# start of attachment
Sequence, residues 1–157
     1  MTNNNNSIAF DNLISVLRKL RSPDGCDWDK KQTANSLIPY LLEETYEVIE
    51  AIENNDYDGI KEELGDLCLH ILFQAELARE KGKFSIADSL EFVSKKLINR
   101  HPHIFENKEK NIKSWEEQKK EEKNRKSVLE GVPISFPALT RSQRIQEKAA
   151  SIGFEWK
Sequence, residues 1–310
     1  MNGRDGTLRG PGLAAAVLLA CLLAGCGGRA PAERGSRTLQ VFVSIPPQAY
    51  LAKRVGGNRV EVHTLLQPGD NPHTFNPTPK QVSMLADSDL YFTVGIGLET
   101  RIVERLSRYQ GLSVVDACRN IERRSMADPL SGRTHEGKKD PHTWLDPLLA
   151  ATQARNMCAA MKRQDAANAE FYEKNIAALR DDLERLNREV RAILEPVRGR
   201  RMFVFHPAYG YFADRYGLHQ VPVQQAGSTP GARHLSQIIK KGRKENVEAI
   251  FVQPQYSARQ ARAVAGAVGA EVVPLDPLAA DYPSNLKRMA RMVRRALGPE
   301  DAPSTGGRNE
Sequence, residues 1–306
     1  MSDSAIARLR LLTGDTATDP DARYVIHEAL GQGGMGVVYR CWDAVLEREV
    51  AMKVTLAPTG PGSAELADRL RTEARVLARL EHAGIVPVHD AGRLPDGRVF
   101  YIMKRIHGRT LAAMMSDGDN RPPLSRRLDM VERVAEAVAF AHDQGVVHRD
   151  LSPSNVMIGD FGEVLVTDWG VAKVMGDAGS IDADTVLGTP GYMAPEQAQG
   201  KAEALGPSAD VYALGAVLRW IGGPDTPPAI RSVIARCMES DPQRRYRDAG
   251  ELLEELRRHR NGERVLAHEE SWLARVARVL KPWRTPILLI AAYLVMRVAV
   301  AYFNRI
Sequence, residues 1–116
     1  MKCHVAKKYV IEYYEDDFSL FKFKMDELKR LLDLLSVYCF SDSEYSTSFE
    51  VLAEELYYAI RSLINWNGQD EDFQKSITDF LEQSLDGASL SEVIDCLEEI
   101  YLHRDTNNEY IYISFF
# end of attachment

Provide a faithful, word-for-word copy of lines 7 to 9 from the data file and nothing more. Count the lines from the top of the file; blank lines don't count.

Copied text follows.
     1  MNGRDGTLRG PGLAAAVLLA CLLAGCGGRA PAERGSRTLQ VFVSIPPQAY
    51  LAKRVGGNRV EVHTLLQPGD NPHTFNPTPK QVSMLADSDL YFTVGIGLET
   101  RIVERLSRYQ GLSVVDACRN IERRSMADPL SGRTHEGKKD PHTWLDPLLA